How Much to Tip: A Tipping Etiquette Guide

Will you look cheap if you don't tip the accordion player -- or gauche if you do?

Yeah, yeah — 15 percent on restaurant bills. We all know that, but here you are with a table full of possible clients after the captain has just carved the roast at your table. Plus, the wine steward has visited to explain the finer points of selecting a merlot, and recommended his personal favorite. What do you do?

Delta Airlines offers this cut-out-and-stick-in-your-wallet guide to the finer points of tipping. Lesson one: no tip is ever less than a dollar — ever.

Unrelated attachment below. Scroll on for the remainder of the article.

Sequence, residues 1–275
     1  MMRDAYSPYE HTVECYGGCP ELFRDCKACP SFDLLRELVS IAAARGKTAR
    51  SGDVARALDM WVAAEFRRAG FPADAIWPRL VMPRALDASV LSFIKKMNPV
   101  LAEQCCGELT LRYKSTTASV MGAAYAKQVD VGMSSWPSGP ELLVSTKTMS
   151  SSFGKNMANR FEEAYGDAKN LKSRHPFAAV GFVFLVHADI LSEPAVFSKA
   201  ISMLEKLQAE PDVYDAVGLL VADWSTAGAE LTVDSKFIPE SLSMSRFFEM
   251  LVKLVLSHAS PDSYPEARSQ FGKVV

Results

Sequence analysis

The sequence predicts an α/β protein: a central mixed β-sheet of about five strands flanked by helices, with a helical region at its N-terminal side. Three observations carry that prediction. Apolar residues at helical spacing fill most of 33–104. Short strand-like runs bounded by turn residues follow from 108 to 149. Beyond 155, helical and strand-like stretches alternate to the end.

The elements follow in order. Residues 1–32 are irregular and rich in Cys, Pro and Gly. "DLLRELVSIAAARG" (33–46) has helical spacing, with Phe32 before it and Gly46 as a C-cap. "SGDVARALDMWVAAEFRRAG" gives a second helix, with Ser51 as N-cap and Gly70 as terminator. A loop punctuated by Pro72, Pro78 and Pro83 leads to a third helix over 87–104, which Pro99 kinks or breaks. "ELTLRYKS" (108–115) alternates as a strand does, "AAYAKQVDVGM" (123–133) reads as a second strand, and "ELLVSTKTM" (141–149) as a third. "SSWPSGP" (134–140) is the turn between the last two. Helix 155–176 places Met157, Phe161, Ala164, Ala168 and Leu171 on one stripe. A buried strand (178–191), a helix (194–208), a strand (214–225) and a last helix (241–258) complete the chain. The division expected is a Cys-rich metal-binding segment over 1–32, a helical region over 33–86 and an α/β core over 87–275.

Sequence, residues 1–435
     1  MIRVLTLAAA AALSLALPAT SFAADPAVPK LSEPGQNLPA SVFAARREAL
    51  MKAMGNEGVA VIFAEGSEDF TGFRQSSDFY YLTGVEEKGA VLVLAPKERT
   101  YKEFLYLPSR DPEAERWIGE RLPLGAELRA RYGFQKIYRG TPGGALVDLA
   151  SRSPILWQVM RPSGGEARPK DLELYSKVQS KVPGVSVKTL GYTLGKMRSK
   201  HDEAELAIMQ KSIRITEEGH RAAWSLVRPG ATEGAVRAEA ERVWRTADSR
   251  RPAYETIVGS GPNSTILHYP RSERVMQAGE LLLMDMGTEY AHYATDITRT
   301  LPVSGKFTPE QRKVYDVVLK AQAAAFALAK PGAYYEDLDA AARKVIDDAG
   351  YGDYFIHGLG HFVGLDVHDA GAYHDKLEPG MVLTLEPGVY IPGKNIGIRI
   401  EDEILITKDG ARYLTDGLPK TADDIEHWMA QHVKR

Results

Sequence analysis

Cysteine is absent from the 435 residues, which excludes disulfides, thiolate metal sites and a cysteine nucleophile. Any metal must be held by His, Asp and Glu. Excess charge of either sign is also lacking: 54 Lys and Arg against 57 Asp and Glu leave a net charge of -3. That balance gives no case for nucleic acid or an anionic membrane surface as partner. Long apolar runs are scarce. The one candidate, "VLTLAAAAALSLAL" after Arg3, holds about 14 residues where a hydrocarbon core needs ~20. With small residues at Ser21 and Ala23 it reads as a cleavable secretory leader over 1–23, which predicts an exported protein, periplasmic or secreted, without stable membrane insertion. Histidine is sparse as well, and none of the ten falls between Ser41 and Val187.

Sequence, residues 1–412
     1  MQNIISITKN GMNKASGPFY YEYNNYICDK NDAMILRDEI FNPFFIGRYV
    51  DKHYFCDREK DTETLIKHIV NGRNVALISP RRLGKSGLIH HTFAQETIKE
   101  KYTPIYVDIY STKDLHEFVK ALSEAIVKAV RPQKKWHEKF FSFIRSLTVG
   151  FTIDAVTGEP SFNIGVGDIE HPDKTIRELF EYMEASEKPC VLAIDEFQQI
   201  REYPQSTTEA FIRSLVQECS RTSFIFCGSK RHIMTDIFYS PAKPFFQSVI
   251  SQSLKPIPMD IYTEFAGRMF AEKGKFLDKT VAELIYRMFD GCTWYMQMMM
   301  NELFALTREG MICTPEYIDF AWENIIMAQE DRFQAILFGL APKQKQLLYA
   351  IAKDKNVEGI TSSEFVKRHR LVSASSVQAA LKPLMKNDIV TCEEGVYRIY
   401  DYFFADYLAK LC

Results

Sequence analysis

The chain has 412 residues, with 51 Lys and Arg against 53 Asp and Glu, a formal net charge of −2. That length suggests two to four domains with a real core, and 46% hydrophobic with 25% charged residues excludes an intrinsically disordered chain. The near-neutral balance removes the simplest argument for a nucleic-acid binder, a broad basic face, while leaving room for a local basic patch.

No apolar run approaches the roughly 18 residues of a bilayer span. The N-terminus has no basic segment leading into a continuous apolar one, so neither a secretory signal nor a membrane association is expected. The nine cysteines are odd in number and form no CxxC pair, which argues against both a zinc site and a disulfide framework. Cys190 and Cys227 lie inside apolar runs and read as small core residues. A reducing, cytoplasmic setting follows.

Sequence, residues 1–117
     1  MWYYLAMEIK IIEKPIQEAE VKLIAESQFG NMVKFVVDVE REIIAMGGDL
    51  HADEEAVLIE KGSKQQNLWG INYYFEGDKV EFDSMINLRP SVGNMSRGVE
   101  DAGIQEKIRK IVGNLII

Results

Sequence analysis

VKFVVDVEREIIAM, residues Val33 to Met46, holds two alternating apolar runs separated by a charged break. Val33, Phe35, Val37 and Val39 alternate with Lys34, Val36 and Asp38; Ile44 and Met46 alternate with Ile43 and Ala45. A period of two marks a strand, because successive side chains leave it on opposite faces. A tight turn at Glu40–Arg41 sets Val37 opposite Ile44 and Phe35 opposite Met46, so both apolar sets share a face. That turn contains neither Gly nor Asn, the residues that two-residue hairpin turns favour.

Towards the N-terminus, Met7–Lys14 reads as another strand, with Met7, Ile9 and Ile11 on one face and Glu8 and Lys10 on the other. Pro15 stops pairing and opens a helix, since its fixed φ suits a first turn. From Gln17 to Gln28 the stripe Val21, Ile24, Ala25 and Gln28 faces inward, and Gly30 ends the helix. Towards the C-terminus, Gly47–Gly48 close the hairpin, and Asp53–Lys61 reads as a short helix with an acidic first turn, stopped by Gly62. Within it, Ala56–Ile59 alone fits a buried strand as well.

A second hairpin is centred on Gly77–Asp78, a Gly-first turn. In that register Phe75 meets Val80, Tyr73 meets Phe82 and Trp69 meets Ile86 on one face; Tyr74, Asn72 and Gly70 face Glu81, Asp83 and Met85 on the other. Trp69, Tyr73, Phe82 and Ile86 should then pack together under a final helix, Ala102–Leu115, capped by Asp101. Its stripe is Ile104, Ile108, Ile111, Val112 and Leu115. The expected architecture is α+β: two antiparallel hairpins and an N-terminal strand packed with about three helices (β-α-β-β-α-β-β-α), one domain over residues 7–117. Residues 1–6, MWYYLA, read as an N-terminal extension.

– Captain: Add 5 percent for meat carving or for dessert preparation/presentation at the table.

– Wine steward: Up to 15 percent of the cost of the wine for special efforts, such as explaining the wine, pouring or giving a personal recommendation. Calling ahead to arrange a special wine is impressive, and a helpful steward should be appreciated.

– Buffet service: Tip normally those who serve the food and bring drinks.

– Restaurant musicians: It’s appropriate to offer in all cases. If you make a request, anything up to five dollars is fine.

– Coat check: $1 or up per coat.

– Restroom attendants: $1.

– Restaurant doormen: $2 – $5, depending on the weather and taxi procural.

– Maitre d’: He makes enough already. Keep your money.

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